Review Summary: Arca blends the gorgeous and the grotesque in a haunting art pop record.
Conversations about Arca
inevitably revolve around its striking creative switch-up: Alejandro Ghersi is now singing over his outré electronic production, taking after his heroes through centering an artistic persona. It was Bjork after all who raised the suggestion, catching him singing a tune on a casual car ride. He shrugged it off at first, but deep respect for her wisdom had him peering more closely at the possibility. The leap of faith he’s taken under her guidance has proven to be rewarding: Arca
is one of the most gripping releases of the early year, a bruised rumination on the nature of trauma through a distinctly queer lens.
Ghersi is fascinated with alienhood, the markers of deviancy that set creatures apart. He’s called the CGI woman in his iconic “Thievery” video an alter-ego; the Mutant
gracing his last album cover played a similar role. Now he’s embodying a foreign being himself: the music videos of Arca
are essential, crystallizing a visual element to the music. Queer oppression undergirds them all, most notably the aftermath of violence. Ghersi never intends to celebrate violence – he’s drawn to its markers, how people carry trauma on their bodies. The visuals offer an entry point to making sense of Arca
, encouraging the listener to envision their own scenes to the soundscapes.
The songs are all sung in Spanish, which contributes another layer of “otherness.” I don’t know a lick of Spanish so I like pretending that Ghersi is communicating in an alien language here, an interior dialect. The album is like a schizophrenic Agaetis Byrjun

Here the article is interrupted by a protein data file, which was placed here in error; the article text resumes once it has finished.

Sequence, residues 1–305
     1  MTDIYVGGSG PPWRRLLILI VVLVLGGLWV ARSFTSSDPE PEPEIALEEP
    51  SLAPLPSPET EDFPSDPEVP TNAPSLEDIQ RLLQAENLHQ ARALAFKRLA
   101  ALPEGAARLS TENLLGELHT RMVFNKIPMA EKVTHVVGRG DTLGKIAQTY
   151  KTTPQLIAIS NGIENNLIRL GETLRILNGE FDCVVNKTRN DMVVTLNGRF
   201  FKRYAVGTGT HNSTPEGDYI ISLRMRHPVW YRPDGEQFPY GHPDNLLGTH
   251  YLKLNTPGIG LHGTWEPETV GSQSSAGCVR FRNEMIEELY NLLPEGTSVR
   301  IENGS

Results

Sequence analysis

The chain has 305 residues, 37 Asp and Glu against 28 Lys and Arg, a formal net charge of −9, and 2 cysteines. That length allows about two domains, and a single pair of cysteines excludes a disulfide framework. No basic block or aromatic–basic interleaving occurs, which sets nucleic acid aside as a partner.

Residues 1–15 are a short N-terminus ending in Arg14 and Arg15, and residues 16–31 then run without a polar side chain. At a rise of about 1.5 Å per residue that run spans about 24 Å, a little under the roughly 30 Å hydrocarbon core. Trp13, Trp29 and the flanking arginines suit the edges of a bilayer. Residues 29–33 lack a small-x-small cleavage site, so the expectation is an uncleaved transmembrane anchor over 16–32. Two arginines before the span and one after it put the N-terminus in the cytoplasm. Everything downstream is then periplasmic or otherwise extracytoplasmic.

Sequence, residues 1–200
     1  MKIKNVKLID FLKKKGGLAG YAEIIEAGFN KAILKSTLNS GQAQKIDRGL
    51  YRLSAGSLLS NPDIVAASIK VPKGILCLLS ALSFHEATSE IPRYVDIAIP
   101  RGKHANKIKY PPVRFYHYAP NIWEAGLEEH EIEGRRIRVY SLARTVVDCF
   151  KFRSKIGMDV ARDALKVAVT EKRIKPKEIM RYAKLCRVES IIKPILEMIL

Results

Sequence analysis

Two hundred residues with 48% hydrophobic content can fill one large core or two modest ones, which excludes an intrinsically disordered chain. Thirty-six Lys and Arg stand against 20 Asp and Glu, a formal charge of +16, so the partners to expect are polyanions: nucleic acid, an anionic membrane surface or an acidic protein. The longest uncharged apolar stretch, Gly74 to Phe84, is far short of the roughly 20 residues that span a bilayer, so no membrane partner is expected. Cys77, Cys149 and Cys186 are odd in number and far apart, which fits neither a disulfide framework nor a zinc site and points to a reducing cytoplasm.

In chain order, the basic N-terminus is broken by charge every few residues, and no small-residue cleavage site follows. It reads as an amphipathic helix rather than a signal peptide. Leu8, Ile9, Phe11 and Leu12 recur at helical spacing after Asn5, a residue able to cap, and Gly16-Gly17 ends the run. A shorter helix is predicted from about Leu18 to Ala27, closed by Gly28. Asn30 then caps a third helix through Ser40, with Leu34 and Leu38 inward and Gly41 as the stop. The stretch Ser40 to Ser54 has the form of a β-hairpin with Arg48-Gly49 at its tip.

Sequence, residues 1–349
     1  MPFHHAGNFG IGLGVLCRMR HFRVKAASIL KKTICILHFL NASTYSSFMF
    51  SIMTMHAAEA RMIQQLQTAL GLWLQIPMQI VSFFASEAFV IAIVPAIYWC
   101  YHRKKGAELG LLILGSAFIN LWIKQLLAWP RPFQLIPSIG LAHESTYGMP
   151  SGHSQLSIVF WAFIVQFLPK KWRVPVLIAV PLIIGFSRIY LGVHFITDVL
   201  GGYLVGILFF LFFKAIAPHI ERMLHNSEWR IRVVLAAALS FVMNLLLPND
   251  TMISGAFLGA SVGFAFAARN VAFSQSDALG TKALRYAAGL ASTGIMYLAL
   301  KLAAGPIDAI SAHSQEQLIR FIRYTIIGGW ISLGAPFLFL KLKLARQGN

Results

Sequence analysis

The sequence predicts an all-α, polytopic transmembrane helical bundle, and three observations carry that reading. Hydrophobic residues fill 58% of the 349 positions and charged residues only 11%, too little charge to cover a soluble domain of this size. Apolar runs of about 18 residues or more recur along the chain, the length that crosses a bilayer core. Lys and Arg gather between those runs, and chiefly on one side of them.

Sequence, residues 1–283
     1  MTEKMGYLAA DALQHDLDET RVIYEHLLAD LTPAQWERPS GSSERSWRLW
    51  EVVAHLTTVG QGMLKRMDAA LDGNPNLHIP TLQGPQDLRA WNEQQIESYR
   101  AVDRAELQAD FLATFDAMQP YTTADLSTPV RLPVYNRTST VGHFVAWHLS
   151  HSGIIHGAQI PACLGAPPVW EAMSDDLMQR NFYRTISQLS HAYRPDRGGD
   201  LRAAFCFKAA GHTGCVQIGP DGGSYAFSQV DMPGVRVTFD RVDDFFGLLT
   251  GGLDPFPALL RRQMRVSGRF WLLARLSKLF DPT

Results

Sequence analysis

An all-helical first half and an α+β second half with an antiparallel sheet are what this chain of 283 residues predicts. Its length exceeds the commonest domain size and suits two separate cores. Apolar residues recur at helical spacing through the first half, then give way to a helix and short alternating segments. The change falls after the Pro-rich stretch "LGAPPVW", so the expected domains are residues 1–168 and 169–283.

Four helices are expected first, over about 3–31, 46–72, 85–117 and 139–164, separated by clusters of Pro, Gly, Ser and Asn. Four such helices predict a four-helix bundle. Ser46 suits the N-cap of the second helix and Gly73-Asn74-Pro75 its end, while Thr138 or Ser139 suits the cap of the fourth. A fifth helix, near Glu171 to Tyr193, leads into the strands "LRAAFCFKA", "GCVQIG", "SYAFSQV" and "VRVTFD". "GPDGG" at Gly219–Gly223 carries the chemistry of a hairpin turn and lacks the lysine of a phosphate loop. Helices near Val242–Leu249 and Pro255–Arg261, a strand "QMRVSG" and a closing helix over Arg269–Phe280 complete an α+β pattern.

to me, “Flugufrelsarinn” mapped onto a wasteland of debris. Lyrics are unnecessary when you have a voice communing with celestial pain like this. The vocal takes are delightfully blemished, creaks and rasps furthering a sense of intimacy. It’s Ghersi’s catharsis, but there’s enough compassion here for the listener to refract their own life experience. He states that intent beautifully in an interview with Vice: “If there's a sadness running through your life, you must attempt to tune yourself in to a frequency where you harmonise with it. That's what healing is. It's not forgetting about something or denying it, it's harmonising with it.”
I reckon the sonic approach might be a sticking point for some: the aggression of his previous music has been replaced with an art pop framework. It’s less blistering, but there’s still an intensity to the experience. “Urchin” vacillates in place with cinematic bursts of synths and percussion; “Reverie” plays with high drama in its action flick sound effects; “Fugaces” evokes melancholia in its cavernous bliss of synths and piano chords. The production is in service of the songs rather than showboating his skills. While it’s effective, I find myself wishing for more to unearth on repeat listens. Approaching this from a pop angle is how you locate the gems: the main melody of “Anoche” has become engrained in my subconscious; “Desafio” scales ecstatic pop heights, an immediate stunner unlike anything he’s done. With Arca
, Ghersi has truly come into his own as an artist, imbuing his art with a deep sense of purpose. For the listeners that tap into its golden frequency, it can feel like a revelation.